Numbers 14:12
I will smite them with the pestilence, and disinherit them, and will make of you a greater nation and mightier than they.
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(12) And will make of thee a greater nation and mightier than they.—A similar promise had been given to Moses on occasion of the rebellion at Sinai, and Moses on that occasion interceded with God on behalf of His people in like manner as at this time (Exodus 32:10-12).

Numbers 14:12. I will smite them — This was not an absolute determination, but a commination, like that of Nineveh’s destruction, with a condition implied, except there be speedy repentance, or powerful intercession.14:11-19 Moses made humble intercession for Israel. Herein he was a type of Christ, who prayed for those that despitefully used him. The pardon of a nation's sin, is the turning away the nation's punishment; and for that Moses is here so earnest. Moses argued that, consistently with God's character, in his abundant mercies, he could forgive them.And disinherit them - By the proposed extinction of Israel the blessings of the covenant would revert to their original donor. 12. the Lord said, … I will smite them with the pestilence—not a final decree, but a threatening, suspended, as appeared from the issue, on the intercession of Moses and the repentance of Israel. This was not an absolute determination, as the event showed, but only a condition, like that of Nineveh’s destruction within forty days, with a condition implied, except there be speedy repentance, or powerful intercession. I will smite them with the pestilence, and disinherit them,.... Deprive them of inhabiting the land; so as many as died of the pestilence were even all the spies who brought an evil report of the good land, Numbers 14:37; with respect to the body of the people, this is to be considered not as a peremptory decree or a determined point; but is delivered partly by way of proposal to Moses, to draw out from him what he would say to it; and partly by way of threatening to the people, to bring them to a sense of their sin and repentance for it:

and will make of thee a greater nation, and mightier than they: this anticipates an objection that might be made, should the people of Israel be cut off by the plague, and so disinherited of the land of Canaan, what will become of the oath of God made to their fathers? to which the answer is, it would be fulfilled in making the posterity of Moses as great or a greater and more powerful nation than Israel now was, and by introducing them into the land of Canaan, who would be of the seed of the fathers of Israel, as Jarchi observes, as those people were; and this was said to prove Moses, and try his affection to the people of Israel; and give him an opportunity of showing his public and disinterested spirit.

I will smite them with the pestilence, and disinherit them, and will make of thee a greater nation and mightier than they.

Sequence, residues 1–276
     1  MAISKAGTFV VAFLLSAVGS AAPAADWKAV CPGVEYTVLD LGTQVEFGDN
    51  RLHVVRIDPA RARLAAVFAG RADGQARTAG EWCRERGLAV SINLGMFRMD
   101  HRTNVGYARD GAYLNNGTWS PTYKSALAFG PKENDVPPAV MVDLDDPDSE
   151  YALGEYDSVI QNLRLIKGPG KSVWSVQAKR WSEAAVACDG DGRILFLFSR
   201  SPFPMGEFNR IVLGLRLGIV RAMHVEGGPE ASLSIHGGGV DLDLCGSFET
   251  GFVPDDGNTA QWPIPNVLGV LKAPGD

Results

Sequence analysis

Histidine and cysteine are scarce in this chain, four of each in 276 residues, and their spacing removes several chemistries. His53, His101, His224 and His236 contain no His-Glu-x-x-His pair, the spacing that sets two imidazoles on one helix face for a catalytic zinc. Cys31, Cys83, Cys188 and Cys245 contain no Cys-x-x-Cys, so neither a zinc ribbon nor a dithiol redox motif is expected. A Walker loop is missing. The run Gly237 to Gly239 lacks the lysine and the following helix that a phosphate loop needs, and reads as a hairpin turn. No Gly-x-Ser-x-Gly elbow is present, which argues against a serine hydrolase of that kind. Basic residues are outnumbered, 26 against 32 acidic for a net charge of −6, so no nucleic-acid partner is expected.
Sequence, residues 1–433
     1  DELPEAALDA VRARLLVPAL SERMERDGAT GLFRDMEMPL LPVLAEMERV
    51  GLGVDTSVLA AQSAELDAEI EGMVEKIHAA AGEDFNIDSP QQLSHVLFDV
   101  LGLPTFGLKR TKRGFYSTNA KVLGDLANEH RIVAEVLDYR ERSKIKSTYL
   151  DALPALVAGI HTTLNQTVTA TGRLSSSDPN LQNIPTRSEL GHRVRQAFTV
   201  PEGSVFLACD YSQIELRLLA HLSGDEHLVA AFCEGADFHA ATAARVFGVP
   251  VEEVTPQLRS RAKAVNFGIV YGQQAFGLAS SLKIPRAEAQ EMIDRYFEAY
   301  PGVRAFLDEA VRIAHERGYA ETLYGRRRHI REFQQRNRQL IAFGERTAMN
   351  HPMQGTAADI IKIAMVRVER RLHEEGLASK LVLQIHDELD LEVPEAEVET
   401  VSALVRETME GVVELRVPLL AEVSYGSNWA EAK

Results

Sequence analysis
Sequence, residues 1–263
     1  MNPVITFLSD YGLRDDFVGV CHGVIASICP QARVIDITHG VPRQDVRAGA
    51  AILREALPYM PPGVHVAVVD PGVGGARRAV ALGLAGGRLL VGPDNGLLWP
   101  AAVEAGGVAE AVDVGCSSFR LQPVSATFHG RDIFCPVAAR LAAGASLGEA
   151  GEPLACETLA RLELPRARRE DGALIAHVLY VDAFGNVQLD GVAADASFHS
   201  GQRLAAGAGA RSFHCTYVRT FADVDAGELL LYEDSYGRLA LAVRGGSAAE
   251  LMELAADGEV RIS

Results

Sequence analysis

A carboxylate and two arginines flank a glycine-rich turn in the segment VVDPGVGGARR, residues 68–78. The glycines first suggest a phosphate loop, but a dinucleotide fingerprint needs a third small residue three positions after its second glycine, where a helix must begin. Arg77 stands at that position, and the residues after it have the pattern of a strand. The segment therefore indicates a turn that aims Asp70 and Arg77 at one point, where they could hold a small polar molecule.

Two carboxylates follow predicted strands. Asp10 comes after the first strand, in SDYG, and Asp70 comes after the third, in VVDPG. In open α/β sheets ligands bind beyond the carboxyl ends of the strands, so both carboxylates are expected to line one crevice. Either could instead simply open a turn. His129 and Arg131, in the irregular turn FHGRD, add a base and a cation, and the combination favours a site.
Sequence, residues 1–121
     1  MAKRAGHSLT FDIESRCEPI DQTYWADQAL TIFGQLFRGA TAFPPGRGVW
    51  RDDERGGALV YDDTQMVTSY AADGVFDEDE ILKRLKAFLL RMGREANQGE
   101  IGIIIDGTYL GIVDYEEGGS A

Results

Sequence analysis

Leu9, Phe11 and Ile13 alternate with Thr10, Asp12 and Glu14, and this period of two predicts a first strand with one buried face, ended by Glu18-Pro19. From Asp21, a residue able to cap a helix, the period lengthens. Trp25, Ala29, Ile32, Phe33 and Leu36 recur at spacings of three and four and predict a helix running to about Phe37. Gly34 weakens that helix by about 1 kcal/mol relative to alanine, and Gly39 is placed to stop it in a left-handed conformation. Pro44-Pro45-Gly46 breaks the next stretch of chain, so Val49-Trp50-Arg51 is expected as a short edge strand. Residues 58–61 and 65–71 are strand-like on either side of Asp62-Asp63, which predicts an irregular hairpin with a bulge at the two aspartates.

12. make of thee a nation] Moses would be a second Abraham, the whole nation being descended from him.Verse 12. - And will make of thee a greater nation and mightier than they. By electing Moses, in the place of Jacob, to be the founder and ancestor of the chosen race, God would still have made good his promises to Abraham, and would only have vindicated for himself the same freedom of choice which he had used in the case of Ishmael and of Esau. We cannot, however, regard this offer as embodying a deliberate intention, for we know that God did not really mean to cast off Israel; nor can we regard it as expressing the anger of the moment, for it is not of God to be hasty. We must understand it distinctly as intended to try the loyalty and charity of Moses, and to give him an opportunity of rising to the loftiest height of magnanimity, unselfishness, and courage. Moses would unquestionably have been less noble than he was if he had listened to the offer; it is therefore certain that the offer was only made in order that it might be refused (cf. Exodus 32:10). At this murmuring, which was growing into open rebellion, Moses and Aaron fell upon their faces before the whole of the assembled congregation, namely, to pour out their distress before the Lord, and move Him to interpose; that is to say, after they had made an unsuccessful attempt, as we may supply from Deuteronomy 1:29-31, to cheer up the people, by pointing them to the help they had thus far received from God. "In such distress, nothing remained but to pour out their desires before God; offering their prayer in public, however, and in the sight of all the people, in the hope of turning their minds" (Calvin). Joshua and Caleb, who had gone with the others to explore the land, also rent their clothes, as a sign of their deep distress at the rebellious attitude of the people (see at Leviticus 10:6), and tried to convince them of the goodness and glory of the land they had travelled through, and to incite them to trust in the Lord. "If Jehovah take pleasure in us,"; they said, "He will bring us into this land. Only rebel not ye against Jehovah, neither fear ye that people of the land; for they are our food;" i.e., we can and shall swallow them up, or easily destroy them (cf. Numbers 22:4; Numbers 24:8; Deuteronomy 7:16; Psalm 14:4). "Their shadow is departed from them, and Jehovah is with us: fear them not!" "Their shadow" is the shelter and protection of God (cf. Psalm 91; Psalm 121:5). The shadow, which defends from the burning heat of the sun, was a very natural figure in the sultry East, to describe defence from injury, a refuge from danger and destruction (Isaiah 30:2). The protection of God had departed from the Canaanites, because God had determined to destroy them when the measure of their iniquity was full (Genesis 15:16; cf. Exodus 34:24; Leviticus 18:25; Leviticus 20:23). But the excited people resolved to stone them, when Jehovah interposed with His judgment, and His glory appeared in the tabernacle to all the Israelites; that is to say, the majesty of God flashed out before the eyes of the people in a light which suddenly burst forth from the tabernacle (see at Exodus 16:10).